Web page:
On a Quark voyage you can do as much or as little as you like. In addition to all the included activities onshore and in the Zodiacs, you can also book kayaks, inflatable canoes, and even stand-up paddleboards prior to departure. The kayaking was, for me, a highlight. A Zodiac took our small group — typically no more than nine or 10 guests plus two guides and a support boat towing the kayaks — a fair distance from the ship, usually to a calm iceberg-filled bay. Then you paddle for hours, slicing your way silently through frigid waters. I loved doing this, trailing my hand in the icy water, picking up shards of sea ice, and listening to the drip, drip, drip of bergs as I passed them by. The immediacy of the ice is something you just can’t feel from the ship. You can see deep inside it, into the dark blue that is compressed ice hundreds of thousands of years old. You can even hear it crack.
I thought how awful it would be to fall in, a thought that brings me to that most anticipated — and dreaded — part of every Antarctic cruise: the polar plunge. A longstanding ritual dreamed up by someone with far too much time on their hands, nothing divides up a ship’s manifest quite like this chilling rite of passage. Exactly half of the 174 passengers chose to do it. Not in dry suits, mind you, but just swimwear or shorts, plus a safety rope strapped around our chests in case things went awry.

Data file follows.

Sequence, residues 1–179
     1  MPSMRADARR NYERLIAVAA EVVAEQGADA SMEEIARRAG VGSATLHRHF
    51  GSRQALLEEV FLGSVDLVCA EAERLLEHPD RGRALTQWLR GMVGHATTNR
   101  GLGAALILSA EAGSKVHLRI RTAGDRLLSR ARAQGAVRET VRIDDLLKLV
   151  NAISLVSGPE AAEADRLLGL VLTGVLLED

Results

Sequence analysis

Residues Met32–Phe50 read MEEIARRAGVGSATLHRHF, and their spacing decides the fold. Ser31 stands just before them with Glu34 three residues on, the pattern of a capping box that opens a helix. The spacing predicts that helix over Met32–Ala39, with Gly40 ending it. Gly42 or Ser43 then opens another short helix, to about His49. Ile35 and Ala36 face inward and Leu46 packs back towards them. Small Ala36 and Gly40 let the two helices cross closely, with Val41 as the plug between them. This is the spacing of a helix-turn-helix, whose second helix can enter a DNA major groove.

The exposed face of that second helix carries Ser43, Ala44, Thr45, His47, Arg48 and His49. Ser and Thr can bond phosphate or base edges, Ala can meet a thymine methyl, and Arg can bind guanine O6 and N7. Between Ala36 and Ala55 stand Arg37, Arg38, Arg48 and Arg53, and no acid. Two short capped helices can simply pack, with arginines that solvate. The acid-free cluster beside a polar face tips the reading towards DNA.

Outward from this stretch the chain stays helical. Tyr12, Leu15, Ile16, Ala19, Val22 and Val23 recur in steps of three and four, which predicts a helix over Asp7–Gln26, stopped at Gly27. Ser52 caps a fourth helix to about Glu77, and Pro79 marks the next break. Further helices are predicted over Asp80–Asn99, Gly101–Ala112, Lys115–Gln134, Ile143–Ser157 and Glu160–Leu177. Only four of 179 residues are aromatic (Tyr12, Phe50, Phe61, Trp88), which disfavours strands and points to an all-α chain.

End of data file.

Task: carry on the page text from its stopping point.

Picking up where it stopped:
So to a chorus of “You can do it!” — peer pressure is an extraordinary thing — we leaped off the Zodiac platform one by one. When my turn came, I shuffled to the edge as if I were walking the plank, then took a deep breath and cannonballed into the brine.
In the end, 87 souls went into the water, and I’m pleased to report that all 87 came out alive and well. What was it like? Ineffable. Inexpressible. Antarctica in a nutshell.
A trip similar to the writer’s cruise can be arranged via Quark Expeditions, which will offer its next 11-day “Antarctic Explorer” voyage on November 3, at the start of the Antarctic summer. Four Quark vessels, including the World Explorer, will ply the route, with rates from US$8,995 per person.
This article originally appeared in the March/May 2021 print issue of DestinAsian magazine (“The Last Continent”).